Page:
In the second volume of this almost never-ending and sometimes dragged on novel (come on, don't be shocked, Tolstoj really lacks in concision), you will find a lot of war and not as much peace. A great deal of pages are devoted to an important field battle and to the fire in Moscow, when the Russian army inexplicably left their capital city in the hands of Napoleon. In spite of this, there is still time to witness Count Pierre Bezukhov's life-changing experience as a war prisoner and his humanitarian experiments. This was my favourite strand of the novel: I could not help but feel sympathy for Pierre, in spite of his foolishness (at a certain point he starts believing that he is destined to kill Napoleon because of an obscure cabbalah-related calculation he has made). Natasha also changes a lot in this second volume and by the end of the book she is finally a woman. Prince Andrej, instead, ends up being almost the hero and his story line is harrowing but also uplifting. You could argue that “War and Peace” is, among many other things, a buildungsroman. I know that most scholars speak of it as the historical novel par excellence and I am not saying it is not that as well. Only, it is difficult to ignore that every character matures somewhere between page 1 and page 1425 and in order to do that each of them has to live through a war and several tribulations.
The primary intent of the book becomes clearer than ever by the end of the book. The last thirty pages of “War and Peace” are actually an essay, pure non-fiction inserted in a novel. This of course makes you think. More than a family saga, “War and Peace” is the medium employed by Lev Tolstoj to write about history. Tolstoj believed in fatalism and thought that revolutions and wars did not happen because of the ambition and desire for power of single leaders. In Tolstoj's world, great men – Napoleon first of all, but also Kutuzov or Murat – are only one of the many factors that make what we like to call “history”. A part of me would like to say that Tolstoj's attempt in these last thirty pages to explain how history works was a failure: instead of showing us what history is and how it works through the characters in the book, Tolstoj ends his novel with an essay, departing from the narrative texture never to return to it. Nonetheless, it is quite possible that this was perfectly acceptable in the 19th century when Tolstoj wrote the book and I must confess that his opinions (and his metaphors to explain how he thinks history functions) are alluring to say the least. However, I found the philosophical parts slightly redundant.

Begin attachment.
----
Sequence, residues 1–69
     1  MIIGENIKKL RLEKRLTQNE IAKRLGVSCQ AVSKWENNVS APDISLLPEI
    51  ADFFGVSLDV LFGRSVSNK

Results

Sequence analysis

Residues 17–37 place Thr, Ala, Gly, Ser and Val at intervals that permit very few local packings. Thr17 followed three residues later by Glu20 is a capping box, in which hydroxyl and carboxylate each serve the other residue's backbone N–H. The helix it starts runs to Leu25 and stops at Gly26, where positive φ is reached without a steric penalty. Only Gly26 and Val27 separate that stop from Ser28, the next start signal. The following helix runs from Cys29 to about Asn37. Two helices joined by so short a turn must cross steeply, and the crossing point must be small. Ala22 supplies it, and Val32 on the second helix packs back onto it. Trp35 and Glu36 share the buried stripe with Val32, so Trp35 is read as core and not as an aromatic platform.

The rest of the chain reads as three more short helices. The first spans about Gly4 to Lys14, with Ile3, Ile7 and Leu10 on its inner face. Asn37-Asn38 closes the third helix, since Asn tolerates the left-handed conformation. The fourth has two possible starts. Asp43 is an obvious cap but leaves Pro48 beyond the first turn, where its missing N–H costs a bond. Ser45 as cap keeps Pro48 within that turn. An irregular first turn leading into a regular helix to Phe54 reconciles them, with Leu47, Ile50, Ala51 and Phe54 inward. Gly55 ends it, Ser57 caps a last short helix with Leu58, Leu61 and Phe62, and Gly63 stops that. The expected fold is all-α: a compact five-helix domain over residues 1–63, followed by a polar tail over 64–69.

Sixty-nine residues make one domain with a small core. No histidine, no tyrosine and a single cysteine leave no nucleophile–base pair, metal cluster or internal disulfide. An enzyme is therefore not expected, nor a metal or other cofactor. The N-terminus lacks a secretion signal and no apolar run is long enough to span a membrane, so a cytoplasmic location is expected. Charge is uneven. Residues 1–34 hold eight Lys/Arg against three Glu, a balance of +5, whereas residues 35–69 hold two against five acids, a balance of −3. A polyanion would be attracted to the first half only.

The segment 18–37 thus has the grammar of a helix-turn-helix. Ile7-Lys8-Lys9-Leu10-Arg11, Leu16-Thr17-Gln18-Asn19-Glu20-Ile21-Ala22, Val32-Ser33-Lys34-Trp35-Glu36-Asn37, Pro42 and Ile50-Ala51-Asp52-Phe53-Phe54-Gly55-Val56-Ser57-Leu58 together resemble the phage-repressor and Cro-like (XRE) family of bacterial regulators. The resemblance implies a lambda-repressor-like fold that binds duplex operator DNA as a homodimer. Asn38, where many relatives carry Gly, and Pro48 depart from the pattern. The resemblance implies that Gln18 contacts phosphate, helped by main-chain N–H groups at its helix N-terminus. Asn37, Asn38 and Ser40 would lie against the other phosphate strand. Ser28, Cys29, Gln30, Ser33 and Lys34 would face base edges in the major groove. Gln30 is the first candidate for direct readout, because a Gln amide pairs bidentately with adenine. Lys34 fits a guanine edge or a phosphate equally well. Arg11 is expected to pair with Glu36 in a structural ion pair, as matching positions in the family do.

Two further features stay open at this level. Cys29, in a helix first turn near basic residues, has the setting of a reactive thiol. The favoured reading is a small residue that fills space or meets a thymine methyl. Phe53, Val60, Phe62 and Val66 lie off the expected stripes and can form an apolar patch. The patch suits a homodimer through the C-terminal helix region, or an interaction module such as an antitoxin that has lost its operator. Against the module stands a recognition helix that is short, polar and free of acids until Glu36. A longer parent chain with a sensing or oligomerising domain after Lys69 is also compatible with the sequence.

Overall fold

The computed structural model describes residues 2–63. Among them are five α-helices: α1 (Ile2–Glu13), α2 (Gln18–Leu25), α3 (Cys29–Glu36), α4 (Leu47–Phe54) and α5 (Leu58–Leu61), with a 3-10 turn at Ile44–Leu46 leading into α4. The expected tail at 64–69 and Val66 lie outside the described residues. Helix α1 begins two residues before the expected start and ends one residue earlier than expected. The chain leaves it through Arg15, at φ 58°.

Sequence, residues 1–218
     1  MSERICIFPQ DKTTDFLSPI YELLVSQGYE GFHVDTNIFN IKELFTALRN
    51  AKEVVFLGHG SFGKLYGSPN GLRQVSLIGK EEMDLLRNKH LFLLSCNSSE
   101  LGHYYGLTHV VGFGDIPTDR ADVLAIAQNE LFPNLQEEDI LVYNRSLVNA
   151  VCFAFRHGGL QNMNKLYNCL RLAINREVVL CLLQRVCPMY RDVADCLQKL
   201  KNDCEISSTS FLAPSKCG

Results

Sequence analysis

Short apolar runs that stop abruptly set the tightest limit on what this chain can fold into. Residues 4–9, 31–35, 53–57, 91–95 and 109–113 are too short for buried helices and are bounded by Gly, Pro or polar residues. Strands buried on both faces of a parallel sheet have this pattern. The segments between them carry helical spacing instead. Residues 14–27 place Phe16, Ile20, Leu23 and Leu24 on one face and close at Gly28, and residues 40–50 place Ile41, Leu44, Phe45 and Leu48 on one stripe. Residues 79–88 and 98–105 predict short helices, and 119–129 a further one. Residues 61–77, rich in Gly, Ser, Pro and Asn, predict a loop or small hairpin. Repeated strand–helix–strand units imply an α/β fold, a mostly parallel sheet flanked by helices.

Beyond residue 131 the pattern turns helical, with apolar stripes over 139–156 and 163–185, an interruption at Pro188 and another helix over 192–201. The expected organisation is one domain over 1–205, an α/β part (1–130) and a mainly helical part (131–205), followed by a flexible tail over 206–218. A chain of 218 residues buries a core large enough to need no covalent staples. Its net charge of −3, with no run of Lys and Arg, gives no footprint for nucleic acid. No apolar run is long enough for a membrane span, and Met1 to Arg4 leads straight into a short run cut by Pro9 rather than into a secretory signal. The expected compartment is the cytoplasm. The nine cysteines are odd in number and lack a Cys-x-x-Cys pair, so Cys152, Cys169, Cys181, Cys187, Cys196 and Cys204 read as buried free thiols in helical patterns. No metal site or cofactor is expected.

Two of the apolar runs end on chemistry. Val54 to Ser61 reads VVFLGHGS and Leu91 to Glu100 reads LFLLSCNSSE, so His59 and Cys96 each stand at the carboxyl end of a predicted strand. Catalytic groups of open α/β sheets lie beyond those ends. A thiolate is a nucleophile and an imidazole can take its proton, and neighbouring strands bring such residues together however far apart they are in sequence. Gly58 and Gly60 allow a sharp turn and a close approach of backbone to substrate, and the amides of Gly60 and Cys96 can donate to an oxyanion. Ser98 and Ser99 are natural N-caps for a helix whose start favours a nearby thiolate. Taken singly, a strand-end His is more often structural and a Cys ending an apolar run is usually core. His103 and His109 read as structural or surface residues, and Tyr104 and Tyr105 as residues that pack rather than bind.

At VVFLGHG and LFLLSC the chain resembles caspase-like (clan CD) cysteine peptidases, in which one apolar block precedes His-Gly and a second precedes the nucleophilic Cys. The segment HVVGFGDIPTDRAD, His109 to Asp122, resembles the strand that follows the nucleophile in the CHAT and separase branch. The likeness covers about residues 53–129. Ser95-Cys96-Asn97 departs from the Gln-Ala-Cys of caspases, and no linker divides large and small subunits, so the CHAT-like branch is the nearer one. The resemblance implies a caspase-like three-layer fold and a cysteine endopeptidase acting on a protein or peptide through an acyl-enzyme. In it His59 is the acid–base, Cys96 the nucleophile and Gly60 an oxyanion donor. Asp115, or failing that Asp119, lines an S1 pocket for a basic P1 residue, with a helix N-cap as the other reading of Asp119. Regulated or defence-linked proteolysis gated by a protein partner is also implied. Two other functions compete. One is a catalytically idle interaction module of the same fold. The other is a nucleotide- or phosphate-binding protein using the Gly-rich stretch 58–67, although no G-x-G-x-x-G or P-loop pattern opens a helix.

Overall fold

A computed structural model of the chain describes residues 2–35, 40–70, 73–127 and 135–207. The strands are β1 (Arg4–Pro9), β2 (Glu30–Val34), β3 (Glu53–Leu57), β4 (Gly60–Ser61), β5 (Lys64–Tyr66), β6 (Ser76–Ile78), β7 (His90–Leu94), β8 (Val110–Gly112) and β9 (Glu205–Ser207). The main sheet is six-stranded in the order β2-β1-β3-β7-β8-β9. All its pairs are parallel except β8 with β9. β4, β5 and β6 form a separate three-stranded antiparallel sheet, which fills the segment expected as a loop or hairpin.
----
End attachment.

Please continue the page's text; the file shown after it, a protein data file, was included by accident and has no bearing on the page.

"War and Peace" is an old-fashioned novel, this I can say without feeling guilty. It has become a classic, not only of Russian literature, but of world literature. It is vast and contains many things. It can provoke frustration ("is this book ever going to finish?") or admiration ("how can Tolstoj describe the world so well?"), but surely you cannot dismiss it very easily. It makes you keep thinking about what you have read. In other words, you feel its weight even after you've finished it.